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There's less pressure to portray the perfect life on social media, men are sharing more and funny… | Creative Moment

There's less pressure to portray the perfect life on social media, men are sharing more and funny content is still popular says survey

There's less pressure to portray the perfect life on social media, men are sharing more and funny content is still popular says survey

A campaign by We Are Social

Almost half (42%) of social media users in the U.S. and UK say that they are under less pressure to portray an unrealistic image of their life during the Covid-19 pandemic and corresponding lockdowns, according to 2,419 internet users surveyed in the U.S. and UK by GlobalWebIndex and We Are Social.

In contrast, only 23% of social media users still feel the pressure of posting content that provides a more polished version of their life. It also appears that we - and men in particular - have become more willing to openly share feelings over the last two months. Perhaps surprisingly, 46% of male social media users say they have been more open on their public social channels about the struggles they are facing, compared to 31% of women.

  •  Almost half social media users feel under less pressure to portray unrealistic image of life since lockdown
  • 46% of men are opening up about personal struggles on social media
  • Funny videos are widely shared by all generations, Gen Z drives sharing of memes
  • Facebook is the top social platform for helping people feel connected

Inspired by friends and local communities, influencers outperform celebrities

The research also examined content sources that most inspire social audiences and found that 74% of social media users chose friends and family in their top three sources of inspiring content. 

52% chose their local community and 35% selected charities or not for profits; influencers and content creators fared well with 23%, followed by brands 21% and celebrities (actors, singers etc) at 20%. 

At the bottom of the scale, 45% of social media users selected politicians as one of their least inspiring categories.

Room for humour, Gen Z drives meme shares

The top content to share on social media was found to be personal news (40%), funny videos (36%), and memes (29%). As might be expected, sharing more memes is driven by younger audiences – 44% of Gen Z and 34% of millennials say they’re sharing more memes compared to 12% of baby boomers. Generally, younger generations are more likely to be sharing a range of different content.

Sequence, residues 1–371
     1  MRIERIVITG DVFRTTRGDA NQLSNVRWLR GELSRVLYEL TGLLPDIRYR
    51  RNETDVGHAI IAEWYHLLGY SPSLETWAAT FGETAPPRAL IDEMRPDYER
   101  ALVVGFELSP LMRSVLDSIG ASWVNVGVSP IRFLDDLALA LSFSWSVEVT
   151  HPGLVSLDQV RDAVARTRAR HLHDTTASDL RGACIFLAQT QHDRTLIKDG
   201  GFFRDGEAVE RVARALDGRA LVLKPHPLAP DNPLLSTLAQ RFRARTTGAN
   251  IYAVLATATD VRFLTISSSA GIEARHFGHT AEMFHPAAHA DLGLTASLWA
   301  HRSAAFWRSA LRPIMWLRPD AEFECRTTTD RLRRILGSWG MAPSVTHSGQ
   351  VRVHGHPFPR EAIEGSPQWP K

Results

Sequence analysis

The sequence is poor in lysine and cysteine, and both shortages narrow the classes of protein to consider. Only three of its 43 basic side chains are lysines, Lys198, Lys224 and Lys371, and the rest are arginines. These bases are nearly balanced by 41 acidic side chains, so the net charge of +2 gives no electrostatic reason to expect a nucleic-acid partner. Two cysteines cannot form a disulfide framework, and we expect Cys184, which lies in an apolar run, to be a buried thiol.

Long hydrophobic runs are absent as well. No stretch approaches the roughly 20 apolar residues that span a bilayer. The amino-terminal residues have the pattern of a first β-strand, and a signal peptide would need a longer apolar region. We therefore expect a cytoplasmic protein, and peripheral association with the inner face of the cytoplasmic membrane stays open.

Funny content is a big hit with millennials; 44% of this group say they’re sharing funny videos. But even among baby boomers, 23% say they’re sharing more funny videos on social media or private messaging platforms.

Social connections in isolation, Facebook takes top spot

Overall, 57% of social media users in the US and UK agree that social media has helped them feel less lonely over the past two months. This sentiment reaches a high of 65% among Gen Z and 61% among Millennials, dropping to 43% among Baby Boomers.

In terms of the platforms that have helped people feel most connected, Instagram takes top place for Gen Z (67%), followed by YouTube (63%). For all other generations, Facebook takes the top spot with 67% of Millennials, 65% of Generation Z and 62% of Baby Boomers selecting the platform. 

As expected, TikTok is resonating more with younger generations; while 31% of Gen Z and 21% of Millennials say that TikTok has helped them feel more connected to others over the last two months, this falls to just 8% of Gen X and 2% of Baby Boomers.

The survey took place during the last two weeks of May 2020.

Mobbie Nazir, chief strategy officer, We Are Social, said: “When the Covid-19 pandemic hit, social media, almost overnight, became the primary way of communicating and socialising for many people all over the world. This is a resurgence in the way people used to use social years ago; to make meaningful connections. While the last few months have been a rollercoaster of emotions, it’s encouraging to see more people - men, in particular - feeling comfortable enough to open up about the pressures of life in quarantine, and feel less pressured to present a polished, perfect version of themselves online. As conversations around mental health and wellbeing, and the role social media plays in both supporting and impacting these aspects of our lives, continue - it is my hope that we see the shift towards more honest and open social media persist, and grow.”

Katie Gilsenan, Consumer Insights Manager, GlobalWebIndex, added: “The idea that social media has become more “anti-social” over time is something we’ve explored many times throughout our research as social media evolved beyond simply keeping in touch with loved ones. It became a place to catch up with the latest news, to research brands, and for entertaining content – all of which grew in importance. While it’s still all of those things, consumers' use of social media over the past 2 months has gone back-to-basics in a sense. As feelings of loneliness and anxiety increased for many, social media provided the connection that people craved at a time when they arguably needed support the most. Social media has often faced scrutiny for its effect on people’s wellbeing, so it’s encouraging to see evidence of the positive impact it can have.”

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